An established base drives Microsoft forward
It was only after establishing an installed base of Windows users that Microsoft would begin bleeding Apple's higher-end Mac sales to death. Microsoft brought its Office software— which had originated and had only been popular on Macs— to Windows, creating a familiar PC experience for Mac users. It subsequently introduced its own handheld devices, workstations, and branched out into servers, the very markets Apple imagined it could move into.
Apple's growth in Mac sales was held in place while Microsoft expanded Windows, Office, and Server into $10 billion legs of its operational stool, leveraging the support of the world's PC makers all licensing Windows. The rise of Windows had an even more destructive impact on other OS competitors, from PC giant IBM's OS/2 to the various UNIX variants that had been powering workstations, to smaller niche platforms like Amiga OS, which had solidly established itself in video editing.
The dramatic rise of Windows created a lasting impact on the minds of industry observers. From their writing, it's clear that they almost unanimously believe that the pivotal shift in computing history they watched happen in the mid-90s could never occur again. Microsoft would rule the world forever, certainly for much longer than Apple had managed to retain its control over graphical computing with the Mac back in the 80s.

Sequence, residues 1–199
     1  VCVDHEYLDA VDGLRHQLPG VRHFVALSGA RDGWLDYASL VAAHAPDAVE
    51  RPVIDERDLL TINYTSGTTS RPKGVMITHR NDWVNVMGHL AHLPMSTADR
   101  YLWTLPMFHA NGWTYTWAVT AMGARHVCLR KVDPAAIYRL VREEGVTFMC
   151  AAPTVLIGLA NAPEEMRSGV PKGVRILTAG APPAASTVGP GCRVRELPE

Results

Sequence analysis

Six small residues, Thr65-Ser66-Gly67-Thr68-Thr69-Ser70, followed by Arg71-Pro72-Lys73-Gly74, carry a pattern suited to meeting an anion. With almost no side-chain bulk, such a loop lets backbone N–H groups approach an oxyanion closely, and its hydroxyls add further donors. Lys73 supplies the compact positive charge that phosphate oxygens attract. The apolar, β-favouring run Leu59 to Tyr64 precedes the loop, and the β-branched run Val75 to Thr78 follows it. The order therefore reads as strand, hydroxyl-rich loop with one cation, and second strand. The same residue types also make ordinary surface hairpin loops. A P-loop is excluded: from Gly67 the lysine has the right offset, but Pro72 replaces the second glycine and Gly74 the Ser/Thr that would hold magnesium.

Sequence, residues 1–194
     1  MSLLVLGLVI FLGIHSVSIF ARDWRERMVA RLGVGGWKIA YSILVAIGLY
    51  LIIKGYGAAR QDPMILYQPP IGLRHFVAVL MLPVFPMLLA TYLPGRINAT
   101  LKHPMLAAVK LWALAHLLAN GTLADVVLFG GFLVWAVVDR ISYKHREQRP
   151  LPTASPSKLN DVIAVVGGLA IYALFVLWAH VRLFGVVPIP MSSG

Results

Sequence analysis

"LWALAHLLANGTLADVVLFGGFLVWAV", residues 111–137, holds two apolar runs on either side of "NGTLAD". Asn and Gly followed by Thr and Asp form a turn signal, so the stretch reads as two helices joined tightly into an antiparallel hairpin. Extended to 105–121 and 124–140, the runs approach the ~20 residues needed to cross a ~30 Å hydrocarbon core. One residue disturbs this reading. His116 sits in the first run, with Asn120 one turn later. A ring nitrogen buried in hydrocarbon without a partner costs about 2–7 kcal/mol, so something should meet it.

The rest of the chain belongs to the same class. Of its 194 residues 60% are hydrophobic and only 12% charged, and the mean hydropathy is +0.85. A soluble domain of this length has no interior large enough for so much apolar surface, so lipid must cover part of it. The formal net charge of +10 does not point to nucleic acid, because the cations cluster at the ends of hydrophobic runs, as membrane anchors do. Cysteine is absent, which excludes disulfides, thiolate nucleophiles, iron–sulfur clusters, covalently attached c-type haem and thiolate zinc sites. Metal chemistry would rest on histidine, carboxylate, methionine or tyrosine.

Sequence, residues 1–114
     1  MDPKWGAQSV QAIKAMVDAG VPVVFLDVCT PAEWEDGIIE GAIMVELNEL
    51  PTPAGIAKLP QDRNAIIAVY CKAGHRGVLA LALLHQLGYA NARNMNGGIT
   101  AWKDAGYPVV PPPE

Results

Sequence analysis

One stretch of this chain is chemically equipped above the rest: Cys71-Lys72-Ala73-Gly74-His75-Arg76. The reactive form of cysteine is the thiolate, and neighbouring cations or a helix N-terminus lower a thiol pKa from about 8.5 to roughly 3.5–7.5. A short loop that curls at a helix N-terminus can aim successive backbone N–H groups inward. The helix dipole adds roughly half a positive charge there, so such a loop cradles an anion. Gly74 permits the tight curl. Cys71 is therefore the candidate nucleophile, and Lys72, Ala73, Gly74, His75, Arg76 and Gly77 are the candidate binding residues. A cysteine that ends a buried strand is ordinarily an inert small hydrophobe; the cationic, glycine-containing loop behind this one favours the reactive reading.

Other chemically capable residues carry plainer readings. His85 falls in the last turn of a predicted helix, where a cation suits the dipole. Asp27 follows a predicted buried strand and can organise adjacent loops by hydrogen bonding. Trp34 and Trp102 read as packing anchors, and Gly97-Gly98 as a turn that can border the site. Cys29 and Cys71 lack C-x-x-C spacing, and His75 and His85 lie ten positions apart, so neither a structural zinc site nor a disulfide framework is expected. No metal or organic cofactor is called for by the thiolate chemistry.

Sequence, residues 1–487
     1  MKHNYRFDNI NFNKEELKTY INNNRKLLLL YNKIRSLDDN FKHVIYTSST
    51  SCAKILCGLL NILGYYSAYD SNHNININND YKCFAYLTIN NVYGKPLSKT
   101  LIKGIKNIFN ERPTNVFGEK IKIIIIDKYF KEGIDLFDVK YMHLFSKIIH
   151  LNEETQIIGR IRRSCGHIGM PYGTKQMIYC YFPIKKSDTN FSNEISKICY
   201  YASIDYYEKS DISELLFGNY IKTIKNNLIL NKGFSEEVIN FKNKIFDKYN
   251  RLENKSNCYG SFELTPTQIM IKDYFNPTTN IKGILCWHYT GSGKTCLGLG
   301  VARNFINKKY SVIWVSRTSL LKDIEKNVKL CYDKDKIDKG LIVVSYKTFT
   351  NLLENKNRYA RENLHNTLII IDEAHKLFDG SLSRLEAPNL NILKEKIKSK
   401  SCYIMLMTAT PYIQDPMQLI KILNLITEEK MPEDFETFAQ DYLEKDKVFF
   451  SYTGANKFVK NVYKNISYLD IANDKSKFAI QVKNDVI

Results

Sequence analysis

The revolution would not be televised
But that didn't turn out to be true. Apple somehow regained market power and began selling new volumes of Macs, assisted by the support of new sales of mobile devices. That dramatic shift, which resulted in Apple completely turning the tables on Microsoft, began in less than a decade after Windows 95.
In the early 2000s, Apple's iPod made an appearance that many discounted as irrelevant. Just as Windows 95 couldn't immediately compete in Apple's core markets, iPod similarly wasn't competing with Microsoft's bread and butter Windows PCs; instead, it was opening up a new market for very personal mobile devices, with media features and prices Microsoft and its licensees were unprepared to match.
By 2004 iPod had trampled Microsoft's Windows Media Player and PlaysForSure "Portable Media Player" platforms. Three years later iPhone similarly crushed global Windows Mobile handsets almost immediately out of the gate. Three years after that, the iPad not only crushed the emergence of Windows Tablet PCs and netbooks but also destroyed any future growth of PC sales.
Since iPad appeared in 2010, Windows PCs sales volumes have been held in place while Apple has managed to increase both its iPad and Mac sales, even at premium prices compared to most other PC vendors. And at the same time, the iPhone turned into such a vast business that it made the iPad and Mac look relatively small.
PC makers saw the impact of iPad